The 3rd album I ever bought was the The Clash: The Singles, and back when I was 18 Combat Rock was one of my favorite albums. I used to sing along to The Sex Pistols regularly. I idolized Siouxsie Sioux. I was super aware of it as a kid, and had a crush on a neighbor who dressed as a punk, but I wasn’t really old enough for punk in its heyday. At 8 in 1983 I was a skinhead with a bomber jacket and DMs, as a teen I was into heavy metal. This Is England by Shane Meadows seemed like familiar territory.
I think it was harder to get nostalgic about stuff because it was harder to get hold of some of the music. I started with radio stations and trying to record the odd song that I could find, as and when it played. Cassettes came next, and I’d play them until they unspooled and stretched and ended up sounding like Alvin and the Chipmunks. CDs were the point where it actually became easiest for me to explore all that punk had to offer, or what had been released at least.
So this year is the 40th Anniversary of Punk – I read around a bit and am not sure what event they are dating this by, but any way, London is kicking off a yearlong celebration of the music and the movement. Something I had strangely remained unaware of until Malcom McLaren and Vivienne Westwood’s son announced he was going to burn £5million worth of punk memorabilia, because he feels that the celebration represents the co-opting of punk by the establishment, and that is just essentially wrong.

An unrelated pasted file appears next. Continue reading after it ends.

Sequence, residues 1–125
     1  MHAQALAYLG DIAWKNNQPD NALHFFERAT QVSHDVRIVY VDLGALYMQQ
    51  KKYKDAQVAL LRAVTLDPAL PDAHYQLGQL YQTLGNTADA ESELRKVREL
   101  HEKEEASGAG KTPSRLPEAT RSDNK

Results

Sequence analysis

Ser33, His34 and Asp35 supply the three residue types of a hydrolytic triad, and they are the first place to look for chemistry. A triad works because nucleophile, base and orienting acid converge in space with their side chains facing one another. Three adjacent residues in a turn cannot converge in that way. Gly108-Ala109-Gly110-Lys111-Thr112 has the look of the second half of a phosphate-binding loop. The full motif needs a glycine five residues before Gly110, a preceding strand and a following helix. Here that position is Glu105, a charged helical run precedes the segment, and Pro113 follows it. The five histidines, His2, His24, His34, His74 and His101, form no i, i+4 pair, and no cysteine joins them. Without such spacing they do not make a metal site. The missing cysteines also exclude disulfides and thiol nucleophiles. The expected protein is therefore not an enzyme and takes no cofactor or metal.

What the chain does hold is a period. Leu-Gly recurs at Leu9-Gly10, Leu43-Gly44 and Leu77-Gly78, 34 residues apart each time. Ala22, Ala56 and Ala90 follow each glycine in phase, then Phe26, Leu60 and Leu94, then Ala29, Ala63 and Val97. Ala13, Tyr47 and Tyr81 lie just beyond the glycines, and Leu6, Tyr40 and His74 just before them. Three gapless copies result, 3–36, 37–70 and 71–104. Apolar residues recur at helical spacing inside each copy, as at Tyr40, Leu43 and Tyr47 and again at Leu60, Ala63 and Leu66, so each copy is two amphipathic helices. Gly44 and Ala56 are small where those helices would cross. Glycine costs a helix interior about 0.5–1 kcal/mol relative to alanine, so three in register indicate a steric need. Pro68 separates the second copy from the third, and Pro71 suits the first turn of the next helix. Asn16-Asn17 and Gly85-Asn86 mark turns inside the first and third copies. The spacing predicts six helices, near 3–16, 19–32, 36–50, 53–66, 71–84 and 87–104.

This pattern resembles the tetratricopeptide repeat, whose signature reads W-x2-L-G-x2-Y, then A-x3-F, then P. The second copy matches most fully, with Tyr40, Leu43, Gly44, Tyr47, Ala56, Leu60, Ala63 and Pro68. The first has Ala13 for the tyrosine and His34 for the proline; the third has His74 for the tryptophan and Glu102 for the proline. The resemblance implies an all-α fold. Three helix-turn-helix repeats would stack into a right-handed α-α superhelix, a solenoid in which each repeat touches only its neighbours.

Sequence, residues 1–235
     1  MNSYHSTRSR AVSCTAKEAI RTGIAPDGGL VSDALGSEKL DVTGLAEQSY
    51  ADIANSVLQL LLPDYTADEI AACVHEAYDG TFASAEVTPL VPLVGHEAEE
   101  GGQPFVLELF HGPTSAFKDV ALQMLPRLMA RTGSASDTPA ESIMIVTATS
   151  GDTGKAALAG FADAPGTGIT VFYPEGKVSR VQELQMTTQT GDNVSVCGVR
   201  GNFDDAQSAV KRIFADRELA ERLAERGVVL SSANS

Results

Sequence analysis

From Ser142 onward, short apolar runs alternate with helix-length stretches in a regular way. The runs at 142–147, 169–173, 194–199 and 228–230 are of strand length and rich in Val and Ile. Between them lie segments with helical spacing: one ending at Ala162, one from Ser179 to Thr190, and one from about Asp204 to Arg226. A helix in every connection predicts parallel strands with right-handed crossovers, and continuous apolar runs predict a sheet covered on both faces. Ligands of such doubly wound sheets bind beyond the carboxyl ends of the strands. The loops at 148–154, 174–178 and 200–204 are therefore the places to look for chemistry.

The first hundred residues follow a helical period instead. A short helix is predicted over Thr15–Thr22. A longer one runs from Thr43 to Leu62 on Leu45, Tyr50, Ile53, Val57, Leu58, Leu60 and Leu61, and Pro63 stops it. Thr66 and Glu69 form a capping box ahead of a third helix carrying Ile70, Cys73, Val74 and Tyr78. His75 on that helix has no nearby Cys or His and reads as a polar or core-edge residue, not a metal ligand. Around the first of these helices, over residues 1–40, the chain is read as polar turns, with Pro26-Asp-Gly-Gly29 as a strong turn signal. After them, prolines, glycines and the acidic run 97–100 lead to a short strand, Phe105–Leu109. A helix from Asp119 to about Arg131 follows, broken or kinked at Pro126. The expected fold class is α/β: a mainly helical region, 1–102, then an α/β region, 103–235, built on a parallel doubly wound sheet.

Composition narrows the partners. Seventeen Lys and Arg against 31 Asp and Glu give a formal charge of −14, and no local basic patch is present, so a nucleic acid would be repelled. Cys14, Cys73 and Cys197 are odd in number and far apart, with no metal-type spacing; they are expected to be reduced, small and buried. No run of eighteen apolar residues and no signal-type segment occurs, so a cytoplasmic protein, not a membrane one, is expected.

Does he have a point? Something anti-establishment being commercialized so much? Well, how long is it since that wasn’t the case? Isn’t it a bit of a dead horse to trot out and flog this late in the game? Think about The Sex Pistols and their Filthy Lucre tour, or even their performance where Johnny Rotten asked the audience “Ever feel like you’ve been cheated?” The Stooges reformed. The Damned have got back together at various points. You can buy “make yourself a punk” kits in Hot Topic; people do it for Halloween. The battle may have been lost a long time ago.
Joe Corre was 9 when the Punk scene erupted in 1976, and has since become a multimillionaire after founding the Agent Provocateur lingerie chain. Old punks that have been interviewed have talked about his protest act as being an empty gesture, and despite often being tagged as nihilistic punk had a social conscience and awareness that was very front and center, so setting light to £5million worth of anything seems more than a little antithetical to the ethos of the movement.
Punk is still alive and well, if a little less center stage, and digital music platforms have given it a new lease of life, much like many other time-locked musical periods. I still have all my punk records and I listen to them regularly, only made possible by the man and his desire to monetize everything.
How do you sell an anti-authority movement through a mainstream thing like a yearlong celebration of it’s 40th year and keep everyone happy? Well, it’s not going to happen, is it? You have to make your peace with the fact that your favorite music is surrounded by rampant commercialism, and with the fact that without greedy capitalists pumping out the different music formats most of it would probably have died away.
If something like this 40th Anniversary celebration makes it easier to get hold of the music then I have no problem with it.